International Journal of Art & Design Education

Art Education and a Democratic Citizenry (pages 300–308)

Volume 32.3   2013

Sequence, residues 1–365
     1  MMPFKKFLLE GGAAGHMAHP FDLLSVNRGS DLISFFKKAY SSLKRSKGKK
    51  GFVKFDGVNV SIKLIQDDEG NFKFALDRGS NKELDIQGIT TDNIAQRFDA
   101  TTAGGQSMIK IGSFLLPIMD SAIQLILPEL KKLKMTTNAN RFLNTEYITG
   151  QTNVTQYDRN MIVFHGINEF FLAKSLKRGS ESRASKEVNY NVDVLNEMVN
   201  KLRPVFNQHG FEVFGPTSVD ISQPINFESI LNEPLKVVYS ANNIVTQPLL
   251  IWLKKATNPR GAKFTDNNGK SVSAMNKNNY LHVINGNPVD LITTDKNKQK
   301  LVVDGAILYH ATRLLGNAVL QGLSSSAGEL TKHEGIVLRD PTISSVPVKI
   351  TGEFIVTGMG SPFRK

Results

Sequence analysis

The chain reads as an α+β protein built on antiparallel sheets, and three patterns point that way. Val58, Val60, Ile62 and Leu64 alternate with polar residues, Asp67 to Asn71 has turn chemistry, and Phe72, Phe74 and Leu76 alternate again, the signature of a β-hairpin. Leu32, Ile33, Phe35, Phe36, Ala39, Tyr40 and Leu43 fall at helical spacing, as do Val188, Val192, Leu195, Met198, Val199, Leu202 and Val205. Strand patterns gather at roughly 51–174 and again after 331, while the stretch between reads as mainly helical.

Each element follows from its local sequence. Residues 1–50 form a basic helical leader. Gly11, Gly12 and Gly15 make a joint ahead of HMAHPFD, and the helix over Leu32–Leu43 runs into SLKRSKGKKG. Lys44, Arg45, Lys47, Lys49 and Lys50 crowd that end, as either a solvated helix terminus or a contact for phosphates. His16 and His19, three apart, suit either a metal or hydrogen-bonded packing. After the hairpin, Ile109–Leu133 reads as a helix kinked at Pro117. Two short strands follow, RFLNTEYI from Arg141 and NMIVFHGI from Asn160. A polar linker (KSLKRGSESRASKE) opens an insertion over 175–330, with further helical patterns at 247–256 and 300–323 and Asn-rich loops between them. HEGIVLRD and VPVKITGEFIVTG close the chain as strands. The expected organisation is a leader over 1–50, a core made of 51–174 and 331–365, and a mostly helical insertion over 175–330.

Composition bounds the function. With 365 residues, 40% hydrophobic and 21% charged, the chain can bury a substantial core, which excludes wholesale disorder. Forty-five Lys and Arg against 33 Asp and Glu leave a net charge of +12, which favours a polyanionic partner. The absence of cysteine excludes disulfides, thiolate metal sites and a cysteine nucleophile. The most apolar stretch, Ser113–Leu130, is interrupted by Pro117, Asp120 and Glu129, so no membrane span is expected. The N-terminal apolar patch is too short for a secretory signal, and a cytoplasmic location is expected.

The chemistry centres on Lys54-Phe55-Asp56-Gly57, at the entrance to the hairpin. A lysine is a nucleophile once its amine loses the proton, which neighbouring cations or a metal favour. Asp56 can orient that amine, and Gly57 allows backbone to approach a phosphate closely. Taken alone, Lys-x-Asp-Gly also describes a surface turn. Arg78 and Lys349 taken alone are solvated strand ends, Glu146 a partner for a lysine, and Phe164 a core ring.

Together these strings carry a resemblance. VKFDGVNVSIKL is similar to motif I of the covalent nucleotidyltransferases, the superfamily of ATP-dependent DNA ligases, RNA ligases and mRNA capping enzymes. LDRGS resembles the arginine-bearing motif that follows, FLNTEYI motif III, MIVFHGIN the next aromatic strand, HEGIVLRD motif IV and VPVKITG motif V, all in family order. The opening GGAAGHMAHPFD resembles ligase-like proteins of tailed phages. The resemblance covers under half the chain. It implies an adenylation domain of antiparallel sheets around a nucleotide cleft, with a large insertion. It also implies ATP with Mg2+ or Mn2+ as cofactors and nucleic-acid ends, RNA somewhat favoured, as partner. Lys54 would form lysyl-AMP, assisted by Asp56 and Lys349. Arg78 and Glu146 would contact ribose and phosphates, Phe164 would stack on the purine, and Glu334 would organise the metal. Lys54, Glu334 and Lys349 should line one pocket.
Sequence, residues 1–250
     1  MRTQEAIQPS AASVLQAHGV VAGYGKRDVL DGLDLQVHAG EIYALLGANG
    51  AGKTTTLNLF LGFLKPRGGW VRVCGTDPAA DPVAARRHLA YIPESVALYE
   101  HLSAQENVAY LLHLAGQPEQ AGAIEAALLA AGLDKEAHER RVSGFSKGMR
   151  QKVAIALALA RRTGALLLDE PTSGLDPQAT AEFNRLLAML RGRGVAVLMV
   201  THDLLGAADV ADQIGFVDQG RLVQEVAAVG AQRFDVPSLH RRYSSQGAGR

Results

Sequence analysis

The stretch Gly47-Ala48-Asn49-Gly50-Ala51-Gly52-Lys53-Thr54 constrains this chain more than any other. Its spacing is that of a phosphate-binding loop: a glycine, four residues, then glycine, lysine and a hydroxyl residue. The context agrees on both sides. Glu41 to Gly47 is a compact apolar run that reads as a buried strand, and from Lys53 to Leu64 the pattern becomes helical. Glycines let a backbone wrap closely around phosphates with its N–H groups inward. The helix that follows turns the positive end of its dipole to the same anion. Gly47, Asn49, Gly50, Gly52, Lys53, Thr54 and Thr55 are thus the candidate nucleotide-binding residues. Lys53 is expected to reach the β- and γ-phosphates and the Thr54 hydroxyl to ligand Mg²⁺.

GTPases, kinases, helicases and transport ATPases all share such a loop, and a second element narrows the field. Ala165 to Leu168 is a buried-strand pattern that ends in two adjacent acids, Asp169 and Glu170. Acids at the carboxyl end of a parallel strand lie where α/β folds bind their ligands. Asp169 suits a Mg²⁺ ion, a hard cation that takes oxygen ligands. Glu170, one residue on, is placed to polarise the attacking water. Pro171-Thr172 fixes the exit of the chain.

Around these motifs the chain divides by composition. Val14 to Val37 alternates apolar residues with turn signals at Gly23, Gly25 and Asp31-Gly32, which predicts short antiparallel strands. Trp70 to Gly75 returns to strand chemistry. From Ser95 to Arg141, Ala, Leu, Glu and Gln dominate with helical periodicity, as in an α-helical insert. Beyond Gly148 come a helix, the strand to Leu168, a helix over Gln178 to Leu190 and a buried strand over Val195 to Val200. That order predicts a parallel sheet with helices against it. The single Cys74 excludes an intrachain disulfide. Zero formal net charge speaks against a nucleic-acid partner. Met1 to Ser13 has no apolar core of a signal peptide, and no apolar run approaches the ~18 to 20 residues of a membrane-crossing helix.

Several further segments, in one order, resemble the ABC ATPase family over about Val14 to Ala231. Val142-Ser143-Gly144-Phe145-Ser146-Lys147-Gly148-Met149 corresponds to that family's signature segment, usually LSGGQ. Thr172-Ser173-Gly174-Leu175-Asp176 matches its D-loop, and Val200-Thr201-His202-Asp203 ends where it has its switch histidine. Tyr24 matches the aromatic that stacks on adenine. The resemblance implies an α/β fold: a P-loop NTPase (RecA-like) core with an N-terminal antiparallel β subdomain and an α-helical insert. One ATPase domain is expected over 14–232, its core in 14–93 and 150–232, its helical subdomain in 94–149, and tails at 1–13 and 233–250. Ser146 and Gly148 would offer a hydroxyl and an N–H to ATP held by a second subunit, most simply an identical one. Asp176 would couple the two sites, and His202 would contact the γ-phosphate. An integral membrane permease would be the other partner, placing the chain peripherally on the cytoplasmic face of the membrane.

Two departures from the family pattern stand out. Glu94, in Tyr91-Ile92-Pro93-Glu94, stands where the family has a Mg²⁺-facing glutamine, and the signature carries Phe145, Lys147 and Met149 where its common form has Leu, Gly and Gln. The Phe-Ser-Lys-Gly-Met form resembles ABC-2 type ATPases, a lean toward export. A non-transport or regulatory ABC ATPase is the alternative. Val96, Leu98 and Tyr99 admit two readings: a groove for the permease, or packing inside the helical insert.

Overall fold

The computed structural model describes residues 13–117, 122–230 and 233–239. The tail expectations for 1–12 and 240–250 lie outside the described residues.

The first purpose of Art Education in public schools, articulated in the eighteenth century, was the ability to shape an imaginatively responsible, empathetic, democratic citizenry; this remains an aim for today, which is hard to achieve. This article explores the continuing tension between this original goal and other versions of Art Education, particularly Artistic Education, focusing on professional skills and techniques, and Aesthetic Education that focuses on appreciation of objects. After reviewing Friedrich Schiller's historic contribution to theorising aesthetics as empathy and as experienced through play, and Johan Pestalozzi's practical application in a first curriculum, the article demonstrates Schiller's influence on contemporary theorists Jacques Rancière and Gayatri Chakravorty Spivak who also insist that art must remain unproductive in order to defy cultural commodification. In their view, Art Education must be deviant to utility and retain an essential uselessness. A current case study demonstrates the difficulties in facilitating authentic democratic action within the utilitarian demands on today's schools. By developing wide-awakeness in students, spaces develop where silenced individuals might be heard. Art Education curricula should form the mindful habit of an informed citizenry that fashions an art of living by constructively re-imagining new possibilities of democratic community and empathetic understanding.